Whitman news since 1896

Whitman Wire

Whitman news since 1896

Whitman Wire

Whitman news since 1896

Whitman Wire


Poor news coverage a result of poor consumption

The public’s assessment of the accuracy of news stories hit a two decade low in 2009 according to Pew Center research. A meager 29 percent of Americans think that news organizations generally get the facts straight, while 63 percent think that stories are often inaccurate. While the Pew Center data suggests that Americans perceive that something is wrong with the media, the problem actually lies with the public’s expectations of the media.

Just like any other business, the news media must make a profit. To make a profit, the media appeals to the public’s desires. Events not issue-focused coverage, sound bites, and sensationalism are all attempts by media outlets to please consumers. Low rates of newspaper readership and high rates of television news viewership demonstrate Americans’ reliance on surface-level reporting. Despite frequent criticism of this kind of coverage, Americans still choose superficial reporting at astonishingly high rates.

It is time we stop aimlessly critiquing the media and point our critical eye at ourselves.

Instead of fruitlessly waiting for the media to change, we, as consumers, should consciously choose alternative sources and demand better reporting. If our preferences change, the media will change to meet them.

The first step to accomplishing this is to realize the oddities in our behavior. Seventy-three percent of Americans have a favorable view of television news. Comparatively, 65 percent of Americans view the daily newspaper they are most familiar with favorably. The greater favorability of television coverage astounds me considering that the average TV report on a news event is less than one minute and consists of sound bites of an average of seven seconds. Nonetheless, 71 percent of Americans get most of their national news coverage from television.

The irony gets better though. Although fewer and fewer Americans read newspapers, 72 percent of Americans believe that the loss of daily newspapers would be “important.” This statistic leads me to believe that many Americans who do not read the newspaper still believe that losing newspapers would damage society. To prevent this “important” loss, these people should start reading the paper. While turning off TVs and picking up newspapers appears to be a solution, it is actually far too simple and Americans are far too attached to TV news.

Shallow television news is at the heart of the problem, but all news sources frequently highlight events of one-time significance instead of focusing on substantive long-range issues. We can change this.

Altering our selections of news coverage would most greatly benefit consumers and the media. Opportunities to change news sources can be divided into two categories: switching type of source and choosing a different source of the same medium.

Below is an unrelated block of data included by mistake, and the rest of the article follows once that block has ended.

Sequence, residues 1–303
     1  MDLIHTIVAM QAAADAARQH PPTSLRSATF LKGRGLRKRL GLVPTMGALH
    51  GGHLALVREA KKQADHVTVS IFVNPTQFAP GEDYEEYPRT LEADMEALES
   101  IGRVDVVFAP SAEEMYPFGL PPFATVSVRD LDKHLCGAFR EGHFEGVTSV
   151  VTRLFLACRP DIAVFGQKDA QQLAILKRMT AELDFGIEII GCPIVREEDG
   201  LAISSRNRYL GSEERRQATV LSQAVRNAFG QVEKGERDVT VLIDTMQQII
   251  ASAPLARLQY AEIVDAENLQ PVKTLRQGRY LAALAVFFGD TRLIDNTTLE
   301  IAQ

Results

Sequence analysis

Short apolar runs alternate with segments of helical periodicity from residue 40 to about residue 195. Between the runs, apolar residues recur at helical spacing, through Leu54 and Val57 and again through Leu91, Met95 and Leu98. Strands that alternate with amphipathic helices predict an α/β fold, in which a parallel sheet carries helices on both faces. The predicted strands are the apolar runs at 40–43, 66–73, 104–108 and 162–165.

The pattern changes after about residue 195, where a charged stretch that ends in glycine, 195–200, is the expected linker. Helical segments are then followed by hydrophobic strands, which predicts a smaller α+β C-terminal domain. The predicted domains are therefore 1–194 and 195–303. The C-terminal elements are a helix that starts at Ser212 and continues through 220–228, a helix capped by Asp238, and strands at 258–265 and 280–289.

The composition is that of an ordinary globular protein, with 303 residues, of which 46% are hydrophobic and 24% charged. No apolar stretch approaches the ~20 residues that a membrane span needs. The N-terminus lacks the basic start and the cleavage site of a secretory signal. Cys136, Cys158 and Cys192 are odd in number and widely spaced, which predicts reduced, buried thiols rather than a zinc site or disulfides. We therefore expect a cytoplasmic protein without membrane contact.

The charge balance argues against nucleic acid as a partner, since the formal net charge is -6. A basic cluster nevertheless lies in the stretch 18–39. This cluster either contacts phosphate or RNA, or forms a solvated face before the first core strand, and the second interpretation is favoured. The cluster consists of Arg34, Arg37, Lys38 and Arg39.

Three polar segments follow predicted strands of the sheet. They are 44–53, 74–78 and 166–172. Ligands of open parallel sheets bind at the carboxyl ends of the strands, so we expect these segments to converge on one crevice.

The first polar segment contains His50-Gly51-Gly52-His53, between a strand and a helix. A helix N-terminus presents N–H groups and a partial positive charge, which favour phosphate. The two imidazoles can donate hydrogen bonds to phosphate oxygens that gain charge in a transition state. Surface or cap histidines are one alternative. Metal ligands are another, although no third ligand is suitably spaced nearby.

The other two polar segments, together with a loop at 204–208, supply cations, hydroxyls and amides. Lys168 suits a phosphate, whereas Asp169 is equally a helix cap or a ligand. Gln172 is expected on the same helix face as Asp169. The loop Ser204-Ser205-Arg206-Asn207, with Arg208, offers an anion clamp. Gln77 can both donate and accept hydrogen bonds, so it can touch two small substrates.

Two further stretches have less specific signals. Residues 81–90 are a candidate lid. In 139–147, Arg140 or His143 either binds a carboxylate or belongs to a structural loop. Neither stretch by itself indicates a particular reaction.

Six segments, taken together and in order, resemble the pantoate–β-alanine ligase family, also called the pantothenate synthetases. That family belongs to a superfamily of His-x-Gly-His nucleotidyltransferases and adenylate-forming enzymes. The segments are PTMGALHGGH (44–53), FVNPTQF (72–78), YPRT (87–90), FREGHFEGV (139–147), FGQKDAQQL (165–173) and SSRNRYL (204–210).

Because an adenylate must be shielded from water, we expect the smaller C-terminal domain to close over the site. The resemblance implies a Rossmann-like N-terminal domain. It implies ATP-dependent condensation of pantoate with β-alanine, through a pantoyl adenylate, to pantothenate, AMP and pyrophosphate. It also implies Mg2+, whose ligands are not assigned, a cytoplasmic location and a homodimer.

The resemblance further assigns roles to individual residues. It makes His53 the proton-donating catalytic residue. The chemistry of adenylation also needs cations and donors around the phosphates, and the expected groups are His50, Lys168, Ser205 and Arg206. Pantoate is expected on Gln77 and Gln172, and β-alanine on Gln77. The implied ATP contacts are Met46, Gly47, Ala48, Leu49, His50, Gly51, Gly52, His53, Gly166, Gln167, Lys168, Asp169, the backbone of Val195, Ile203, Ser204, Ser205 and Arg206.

Reading the news, either in a paper, magazine or online, offers more detailed coverage than television or most radio programming (PBS and NPR as notable exceptions). The benefits of newspapers extend beyond the substantive reporting. Newspapers and magazines, both in print and online, offer better routes for feedback than TV or radio. Writing a letter to the editor is perhaps the best way to voice one’s opinions about issues or a news story itself. Not only do the publishers read your views, but other readers have access to your opinions. Online, readers can comment on new stories, allowing them to quickly share their views on the reporting, event and, most importantly, the issues. Responding to the news encourages quality, issue-focused reporting.

As I acknowledged earlier, not many people will readily switch from TV to newspapers as their main source of news. Americans do not need to give up TV entirely. Television itself is not the problem. Some television news programs offer detailed reporting on pertinent issues. PBS’s “Newshour” and ABC’s “Nightline” buck the trend of one-minute per news event coverage. When people decide they have grown tired of news shows that feel like a choppy action movie, watching these two shows would provide relief.

Since TV news is clearly a business, boycotting trivial programming would effect change. While a grass roots movement like this may seem ineffectual against gigantic multimedia conglomerates, the fact is that news relies on advertising dollars determined by the number of viewers. Without viewers, television channels would be forced to either change their programming or face closure. (This same principal could be applied to a newspaper since newspapers depend on advertising dollars as well.) Our choice to watch or not watch is far more powerful than we think.

Ultimately, by changing our consumption we can change the media. Perhaps more so than in any other industry, consumers have the greatest power to alter the news media. Since the media must please its consumers to stay alive, expressing our disapproval not through complaints but through changing suppliers or specifically critiquing coverage are the best ways to increase the accuracy and quality of reporting.

While we cannot make the news, we can decide how we consume it. Our choices send clear signals to news companies, giving us the power to at least frame news coverage.

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